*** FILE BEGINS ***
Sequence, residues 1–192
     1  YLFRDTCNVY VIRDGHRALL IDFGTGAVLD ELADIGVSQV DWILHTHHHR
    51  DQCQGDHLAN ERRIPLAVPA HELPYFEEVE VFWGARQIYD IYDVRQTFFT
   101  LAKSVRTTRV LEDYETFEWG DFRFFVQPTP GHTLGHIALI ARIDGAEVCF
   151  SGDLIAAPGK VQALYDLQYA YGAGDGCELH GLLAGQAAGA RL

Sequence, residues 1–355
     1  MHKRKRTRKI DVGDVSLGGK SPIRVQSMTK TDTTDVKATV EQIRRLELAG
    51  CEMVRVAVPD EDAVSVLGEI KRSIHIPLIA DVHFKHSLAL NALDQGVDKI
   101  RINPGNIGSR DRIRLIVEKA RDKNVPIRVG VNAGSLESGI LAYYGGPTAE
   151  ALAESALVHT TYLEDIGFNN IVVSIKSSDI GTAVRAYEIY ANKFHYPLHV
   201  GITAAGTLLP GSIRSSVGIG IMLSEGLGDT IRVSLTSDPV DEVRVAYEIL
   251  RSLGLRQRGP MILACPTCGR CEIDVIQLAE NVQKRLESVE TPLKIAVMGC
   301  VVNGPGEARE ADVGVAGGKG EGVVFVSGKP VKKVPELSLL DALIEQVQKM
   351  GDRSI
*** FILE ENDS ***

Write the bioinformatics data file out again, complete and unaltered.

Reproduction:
Sequence, residues 1–192
     1  YLFRDTCNVY VIRDGHRALL IDFGTGAVLD ELADIGVSQV DWILHTHHHR
    51  DQCQGDHLAN ERRIPLAVPA HELPYFEEVE VFWGARQIYD IYDVRQTFFT
   101  LAKSVRTTRV LEDYETFEWG DFRFFVQPTP GHTLGHIALI ARIDGAEVCF
   151  SGDLIAAPGK VQALYDLQYA YGAGDGCELH GLLAGQAAGA RL

Sequence, residues 1–355
     1  MHKRKRTRKI DVGDVSLGGK SPIRVQSMTK TDTTDVKATV EQIRRLELAG
    51  CEMVRVAVPD EDAVSVLGEI KRSIHIPLIA DVHFKHSLAL NALDQGVDKI
   101  RINPGNIGSR DRIRLIVEKA RDKNVPIRVG VNAGSLESGI LAYYGGPTAE
   151  ALAESALVHT TYLEDIGFNN IVVSIKSSDI GTAVRAYEIY ANKFHYPLHV
   201  GITAAGTLLP GSIRSSVGIG IMLSEGLGDT IRVSLTSDPV DEVRVAYEIL
   251  RSLGLRQRGP MILACPTCGR CEIDVIQLAE NVQKRLESVE TPLKIAVMGC
   301  VVNGPGEARE ADVGVAGGKG EGVVFVSGKP VKKVPELSLL DALIEQVQKM
   351  GDRSI